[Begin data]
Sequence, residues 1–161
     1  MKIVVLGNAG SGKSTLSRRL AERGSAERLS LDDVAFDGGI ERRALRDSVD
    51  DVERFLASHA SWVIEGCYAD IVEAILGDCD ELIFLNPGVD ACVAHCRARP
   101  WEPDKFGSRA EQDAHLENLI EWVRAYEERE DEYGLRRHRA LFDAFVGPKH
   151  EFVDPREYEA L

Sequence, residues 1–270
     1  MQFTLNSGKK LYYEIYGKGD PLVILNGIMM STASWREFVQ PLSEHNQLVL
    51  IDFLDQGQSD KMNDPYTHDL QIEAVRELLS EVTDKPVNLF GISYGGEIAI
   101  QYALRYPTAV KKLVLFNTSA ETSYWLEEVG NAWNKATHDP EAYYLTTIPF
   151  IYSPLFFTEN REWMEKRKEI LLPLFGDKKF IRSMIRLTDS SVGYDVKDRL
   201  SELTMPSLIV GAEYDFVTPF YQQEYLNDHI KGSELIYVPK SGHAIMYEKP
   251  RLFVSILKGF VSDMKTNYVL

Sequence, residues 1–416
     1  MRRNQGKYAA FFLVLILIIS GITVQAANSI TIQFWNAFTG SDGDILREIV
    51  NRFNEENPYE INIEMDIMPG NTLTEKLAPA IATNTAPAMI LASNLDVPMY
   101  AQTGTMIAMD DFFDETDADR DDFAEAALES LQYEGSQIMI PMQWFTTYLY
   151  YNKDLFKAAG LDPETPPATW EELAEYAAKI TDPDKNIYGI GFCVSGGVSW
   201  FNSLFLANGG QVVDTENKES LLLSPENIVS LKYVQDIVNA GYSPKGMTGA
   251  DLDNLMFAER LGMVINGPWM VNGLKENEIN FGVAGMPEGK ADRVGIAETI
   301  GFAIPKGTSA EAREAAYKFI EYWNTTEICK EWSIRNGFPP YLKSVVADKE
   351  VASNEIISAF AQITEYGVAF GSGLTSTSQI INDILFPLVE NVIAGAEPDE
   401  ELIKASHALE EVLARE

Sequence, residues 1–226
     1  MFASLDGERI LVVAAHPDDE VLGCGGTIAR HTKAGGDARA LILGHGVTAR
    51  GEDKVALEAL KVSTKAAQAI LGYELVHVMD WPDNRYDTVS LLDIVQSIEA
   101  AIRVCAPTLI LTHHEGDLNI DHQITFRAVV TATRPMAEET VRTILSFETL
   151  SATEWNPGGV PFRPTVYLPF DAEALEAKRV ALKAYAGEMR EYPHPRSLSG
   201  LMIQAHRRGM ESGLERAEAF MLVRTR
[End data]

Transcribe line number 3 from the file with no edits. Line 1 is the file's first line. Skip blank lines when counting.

    51  DVERFLASHA SWVIEGCYAD IVEAILGDCD ELIFLNPGVD ACVAHCRARP